This point serves two purposes. Obviously, you need to feed yourself, and developing or expanding your culinary skills is necessary for this. Additionally, delicious food is (in my opinion), one of the best forms of activism. Decadent, hearty, satisfying meals are likely to silence those who may be acting less than supportive of you going vegan; you never know who might be swayed by your masterpiece! If you’re not super excited about this, I understand. I never used to cook- unless you consider following the directions on a box of Kraft mac ‘n cheese “cooking”. I considered it a chore, but I was forced into it as a hungry new vegan. As the years went by, I fell more and more in love with my time in the kitchen. Now, I honestly get annoyed when I’m too busy to make a big, gourmet dinner! You may want to invest in a few new kitchen tools/appliances, I list some of my most commonly used items in my Amazon shop.
For some of these recipes, you’ll have to source new ingredients, practice new methods, and even learn new words. You’ll also have some disasters, unless you’re some kind of alien vegan prodigy. That’s okay though, as long as you don’t give up and you learn from your disasters, you’re on the right track! Feel free to tag me on Instagram so I can see your early successes and failures! PS: If you don’t have a lot of time or energy for meal planning, check out Purple Carrot, a recipe and ingredient delivery service with great vegan options. They’ll bring all the necessary ingredients and instructions right to your door, all you have to do is prepare the meal!
I honestly have NO idea how the vegans of 20 or 30 years ago figured things out without the magic of social media, blogs, or apps. Kudos to them! Fortunately for the newbie vegans of today, infinite assistance is right at your fingertips. These are some of the top resources I use (aside from the last one, which I’m still figuring out):
This isn’t advice so much as it is a warning. You’re going to be annoyed. Things you assumed were “safe” will not be. As I mentioned above, many winemakers and breweries use animal products (like egg whites, fish bladders, and gelatin) to clarify/filter their liquids. Bloody Mary mix often contains anchovies. I’ve seen salted peanuts that for some reason contained milk powder. “Lactose-free” almond cheeses sometimes contain casein, a cow milk protein.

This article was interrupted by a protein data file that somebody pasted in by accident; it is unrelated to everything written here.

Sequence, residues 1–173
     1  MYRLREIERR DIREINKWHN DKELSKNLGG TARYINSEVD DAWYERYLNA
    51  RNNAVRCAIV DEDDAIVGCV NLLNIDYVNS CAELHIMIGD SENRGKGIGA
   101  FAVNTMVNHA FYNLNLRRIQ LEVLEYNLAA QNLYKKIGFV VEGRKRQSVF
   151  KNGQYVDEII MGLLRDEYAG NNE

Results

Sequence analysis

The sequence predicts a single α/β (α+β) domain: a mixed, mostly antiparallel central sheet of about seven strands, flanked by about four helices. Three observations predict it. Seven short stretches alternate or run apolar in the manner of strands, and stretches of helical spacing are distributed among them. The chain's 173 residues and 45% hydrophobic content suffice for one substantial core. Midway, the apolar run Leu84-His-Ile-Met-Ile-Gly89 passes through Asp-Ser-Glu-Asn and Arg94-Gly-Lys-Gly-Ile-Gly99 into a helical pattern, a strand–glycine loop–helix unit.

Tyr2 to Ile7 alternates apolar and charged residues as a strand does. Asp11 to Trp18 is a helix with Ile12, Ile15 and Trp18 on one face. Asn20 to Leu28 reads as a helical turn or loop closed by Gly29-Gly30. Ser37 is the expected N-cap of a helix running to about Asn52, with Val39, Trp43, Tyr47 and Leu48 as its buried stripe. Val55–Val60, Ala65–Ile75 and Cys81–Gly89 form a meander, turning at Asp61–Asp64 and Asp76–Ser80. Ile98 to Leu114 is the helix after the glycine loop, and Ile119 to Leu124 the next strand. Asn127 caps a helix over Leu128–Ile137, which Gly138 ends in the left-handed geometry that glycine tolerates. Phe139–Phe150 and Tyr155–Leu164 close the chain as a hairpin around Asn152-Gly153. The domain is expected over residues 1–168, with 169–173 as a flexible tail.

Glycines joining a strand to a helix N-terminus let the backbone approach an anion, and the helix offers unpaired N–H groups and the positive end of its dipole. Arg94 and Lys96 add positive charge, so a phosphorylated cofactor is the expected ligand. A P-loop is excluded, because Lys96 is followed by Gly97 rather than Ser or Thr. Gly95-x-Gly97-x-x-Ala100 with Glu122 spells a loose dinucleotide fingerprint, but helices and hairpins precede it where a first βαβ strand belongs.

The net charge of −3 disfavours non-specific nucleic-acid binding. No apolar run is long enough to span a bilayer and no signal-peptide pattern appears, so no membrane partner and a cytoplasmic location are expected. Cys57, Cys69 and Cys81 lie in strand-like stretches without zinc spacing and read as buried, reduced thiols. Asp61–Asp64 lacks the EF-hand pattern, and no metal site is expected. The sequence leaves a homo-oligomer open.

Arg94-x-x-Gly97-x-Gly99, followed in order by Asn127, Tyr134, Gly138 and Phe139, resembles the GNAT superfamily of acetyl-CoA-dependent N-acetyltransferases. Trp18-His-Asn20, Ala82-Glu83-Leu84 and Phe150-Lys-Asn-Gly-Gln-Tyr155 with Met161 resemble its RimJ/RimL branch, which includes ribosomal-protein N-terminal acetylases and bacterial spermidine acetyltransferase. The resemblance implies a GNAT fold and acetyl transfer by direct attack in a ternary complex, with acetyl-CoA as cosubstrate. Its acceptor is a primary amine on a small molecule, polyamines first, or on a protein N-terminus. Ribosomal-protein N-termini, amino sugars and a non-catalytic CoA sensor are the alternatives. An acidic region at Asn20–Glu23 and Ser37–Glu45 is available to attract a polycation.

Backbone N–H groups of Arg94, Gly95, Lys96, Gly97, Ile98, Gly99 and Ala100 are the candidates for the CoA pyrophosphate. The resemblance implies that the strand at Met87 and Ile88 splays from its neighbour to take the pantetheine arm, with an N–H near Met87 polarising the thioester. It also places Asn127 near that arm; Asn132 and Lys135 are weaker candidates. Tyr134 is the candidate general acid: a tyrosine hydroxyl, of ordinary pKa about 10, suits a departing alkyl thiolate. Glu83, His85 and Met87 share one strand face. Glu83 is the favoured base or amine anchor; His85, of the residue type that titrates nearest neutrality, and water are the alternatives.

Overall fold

And then there are the mysteries you can’t even solve with an ingredient label. Sometimes sugar is bleached with animal bone char. Vitamin D3 (a common food additive) is made with a substance derived from sheep’s wool. The list goes on and on. You’re going to have to decide how strict you are, and this decision will likely fluctuate over time. Just remember, 100% animal-product-free life is nearly impossible, but 99% is a lot better than not even trying.
In my early “transitioning to vegan” days, my slip ups happened as a result of cravings and impatience. If I’d had a bag of Earth Balance Cheddar Squares, a frozen box of Chao mac ‘n cheese, or some Louisville Maple Bacon jerky stashed away in the cupboard, I bet many of those slip ups could’ve been avoided. Technically none of those products existed when I was a newbie, but they do exist for you! You’re probably thinking a lot about health and nutrition during this time of change, but keep in mind that sometimes you’re just going to need something to hit the spot, whether it be creamy, salty, or even just crunchy. If you’ve planned ahead, you can still satisfy that urge with something free of animal products! You’ll have to experiment to find your favorite treat, but you can check my list of vegan snacks & quick meals for ideas! PS: If you don’t live near a store that stocks products like these, consider placing an order with Thrive Market!